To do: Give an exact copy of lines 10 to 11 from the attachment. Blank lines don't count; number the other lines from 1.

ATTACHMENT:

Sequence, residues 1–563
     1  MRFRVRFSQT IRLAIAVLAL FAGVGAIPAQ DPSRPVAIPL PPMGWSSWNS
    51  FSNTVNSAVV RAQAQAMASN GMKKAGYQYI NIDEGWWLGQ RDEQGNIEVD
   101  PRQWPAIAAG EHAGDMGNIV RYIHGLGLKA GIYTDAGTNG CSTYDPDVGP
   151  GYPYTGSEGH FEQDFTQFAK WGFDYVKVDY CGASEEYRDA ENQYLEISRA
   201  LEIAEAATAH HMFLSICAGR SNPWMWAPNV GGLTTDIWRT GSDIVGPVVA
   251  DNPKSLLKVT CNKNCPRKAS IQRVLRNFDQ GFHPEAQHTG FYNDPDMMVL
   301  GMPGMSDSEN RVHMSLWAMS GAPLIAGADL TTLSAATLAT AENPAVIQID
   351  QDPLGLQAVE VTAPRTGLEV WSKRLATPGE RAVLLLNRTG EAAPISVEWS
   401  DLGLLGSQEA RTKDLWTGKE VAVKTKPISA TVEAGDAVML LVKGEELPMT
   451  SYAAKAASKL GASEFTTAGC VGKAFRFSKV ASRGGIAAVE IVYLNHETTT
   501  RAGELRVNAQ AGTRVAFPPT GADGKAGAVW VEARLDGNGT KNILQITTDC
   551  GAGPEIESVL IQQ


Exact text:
   401  DLGLLGSQEA RTKDLWTGKE VAVKTKPISA TVEAGDAVML LVKGEELPMT
   451  SYAAKAASKL GASEFTTAGC VGKAFRFSKV ASRGGIAAVE IVYLNHETTT